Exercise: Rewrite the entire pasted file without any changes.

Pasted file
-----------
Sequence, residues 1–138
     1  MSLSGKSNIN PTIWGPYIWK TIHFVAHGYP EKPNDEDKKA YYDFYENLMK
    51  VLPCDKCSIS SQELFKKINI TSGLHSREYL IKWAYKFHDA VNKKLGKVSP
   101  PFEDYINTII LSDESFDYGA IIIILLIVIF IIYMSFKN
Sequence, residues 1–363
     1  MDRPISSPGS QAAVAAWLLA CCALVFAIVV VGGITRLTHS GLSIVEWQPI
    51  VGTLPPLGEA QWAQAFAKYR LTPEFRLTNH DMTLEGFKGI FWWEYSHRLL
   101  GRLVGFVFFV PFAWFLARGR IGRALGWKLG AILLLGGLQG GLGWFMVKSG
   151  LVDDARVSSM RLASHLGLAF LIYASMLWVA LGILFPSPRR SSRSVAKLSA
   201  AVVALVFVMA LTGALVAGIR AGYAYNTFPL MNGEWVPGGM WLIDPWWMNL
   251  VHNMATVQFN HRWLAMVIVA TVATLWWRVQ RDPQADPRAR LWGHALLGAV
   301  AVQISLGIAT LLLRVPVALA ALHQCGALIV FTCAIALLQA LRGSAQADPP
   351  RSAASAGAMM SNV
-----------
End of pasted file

Sequence, residues 1–138
     1  MSLSGKSNIN PTIWGPYIWK TIHFVAHGYP EKPNDEDKKA YYDFYENLMK
    51  VLPCDKCSIS SQELFKKINI TSGLHSREYL IKWAYKFHDA VNKKLGKVSP
   101  PFEDYINTII LSDESFDYGA IIIILLIVIF IIYMSFKN
Sequence, residues 1–363
     1  MDRPISSPGS QAAVAAWLLA CCALVFAIVV VGGITRLTHS GLSIVEWQPI
    51  VGTLPPLGEA QWAQAFAKYR LTPEFRLTNH DMTLEGFKGI FWWEYSHRLL
   101  GRLVGFVFFV PFAWFLARGR IGRALGWKLG AILLLGGLQG GLGWFMVKSG
   151  LVDDARVSSM RLASHLGLAF LIYASMLWVA LGILFPSPRR SSRSVAKLSA
   201  AVVALVFVMA LTGALVAGIR AGYAYNTFPL MNGEWVPGGM WLIDPWWMNL
   251  VHNMATVQFN HRWLAMVIVA TVATLWWRVQ RDPQADPRAR LWGHALLGAV
   301  AVQISLGIAT LLLRVPVALA ALHQCGALIV FTCAIALLQA LRGSAQADPP
   351  RSAASAGAMM SNV